The Ministry of Health in collaboration with the Pan American Health Organization/World Health Organization (PAHO/WHO) conducted a meeting on Health and Human Rights in Prisons with key stakeholders from government and civil society at Cara Lodge, Georgetown on Wednesday, 30 January 2013.
The purpose of the meeting was to develop collaborative mechanisms to address the main challenges and gaps in strengthening the application of public health principles in the prison setting in Guyana.
The objectives of the meeting were:
1. To summarize current mechanisms to maintain health and prevent and control diseases in prisons in Guyana.
2. To discuss the main challenges and gaps faced in the country in the context of health in prisons;
3. To present an overview of the recent activities developed by PAHO in the context of health and human rights in prisons; and
4. To identify next steps to be taken in order to develop joint activities/programs engaging all relevant ministries to improve health and human rights conditions in prisons, in line with PAHO Resolution CD50.R8.
At the meeting, technical presentations were made by Dr. Jeetendra Mohanlall, NTP Manger and Dr. Shanti Singh, Programme Manager, NAPS who presented and TB and HIV Programs in prisons respectively. Ms Sandra Del Pino, Human Rights Specialist, PAHO/WHO HQ also presented on Health and Human Rights in the context of deprivation of liberty, and PAHO’s technical cooperation activities. During Ms Del Pino’s presentation, she alluded to the Inter-American Commission of Human Right document which includes presentation from Guyana made at the Second Regional Seminar on Best Prison Practices which was held in Jamaica in December 2011.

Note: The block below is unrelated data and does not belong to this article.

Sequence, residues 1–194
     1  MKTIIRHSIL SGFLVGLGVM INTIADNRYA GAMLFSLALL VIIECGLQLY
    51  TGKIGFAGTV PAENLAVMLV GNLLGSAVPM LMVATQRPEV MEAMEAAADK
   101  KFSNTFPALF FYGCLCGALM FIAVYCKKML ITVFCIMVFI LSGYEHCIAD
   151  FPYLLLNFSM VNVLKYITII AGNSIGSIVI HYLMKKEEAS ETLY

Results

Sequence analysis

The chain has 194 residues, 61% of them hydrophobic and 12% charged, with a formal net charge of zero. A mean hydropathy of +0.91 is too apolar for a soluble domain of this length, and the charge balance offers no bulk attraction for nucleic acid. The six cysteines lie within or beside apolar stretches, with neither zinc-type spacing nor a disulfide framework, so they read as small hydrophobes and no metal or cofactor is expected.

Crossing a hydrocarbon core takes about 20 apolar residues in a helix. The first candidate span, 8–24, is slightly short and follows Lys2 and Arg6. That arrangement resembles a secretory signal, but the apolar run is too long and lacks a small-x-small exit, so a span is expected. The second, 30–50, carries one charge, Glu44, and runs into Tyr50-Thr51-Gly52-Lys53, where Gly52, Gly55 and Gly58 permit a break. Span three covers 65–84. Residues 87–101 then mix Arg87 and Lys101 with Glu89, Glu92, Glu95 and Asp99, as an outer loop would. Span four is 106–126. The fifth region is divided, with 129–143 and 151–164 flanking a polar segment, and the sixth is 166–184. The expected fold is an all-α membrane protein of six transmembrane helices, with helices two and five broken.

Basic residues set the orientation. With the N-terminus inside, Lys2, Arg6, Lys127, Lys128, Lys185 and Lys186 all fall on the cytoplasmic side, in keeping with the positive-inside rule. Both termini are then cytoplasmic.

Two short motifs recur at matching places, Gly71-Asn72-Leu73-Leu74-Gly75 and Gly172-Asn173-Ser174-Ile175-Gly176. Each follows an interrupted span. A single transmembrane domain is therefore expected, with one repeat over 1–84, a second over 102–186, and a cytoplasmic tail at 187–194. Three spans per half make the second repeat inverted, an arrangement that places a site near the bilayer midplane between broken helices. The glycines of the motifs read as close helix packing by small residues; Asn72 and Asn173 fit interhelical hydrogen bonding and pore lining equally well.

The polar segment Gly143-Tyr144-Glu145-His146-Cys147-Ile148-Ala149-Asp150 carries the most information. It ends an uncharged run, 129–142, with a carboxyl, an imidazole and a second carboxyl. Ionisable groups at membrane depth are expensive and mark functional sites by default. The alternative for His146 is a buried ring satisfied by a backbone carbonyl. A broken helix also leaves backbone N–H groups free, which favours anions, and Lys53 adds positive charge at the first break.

Dr. Beverley Barnett, PAHO/WHO Representative in her opening remarks noted that Guyana has ratifies several United Nations and Inter-American human rights convention including CD.50 R.8. and in fulfilling its obligations, Guyana has recognised that people interacting with the justice system, despite the fact that they eventually might be found guilty of having committed crimes, are still people, human beings and deserving of their basic human rights.
Minister of Health, Dr. Bherri Ramsaran in his remarks noted that the first batch of Ministry-trained nurses have been deployed to prisons infirmaries and other locations. He also revealed that a “Prison Nursing” module is being drafted for the nursing school. According to Dr. Ramsaran, the meeting was a fledging effort which is worthy of support and should only be expected to lay the foundation for change and improvement in the systemic delivery of health care.
During the conclusion of the meeting, a group was tasked to put together a plan on the way forward.
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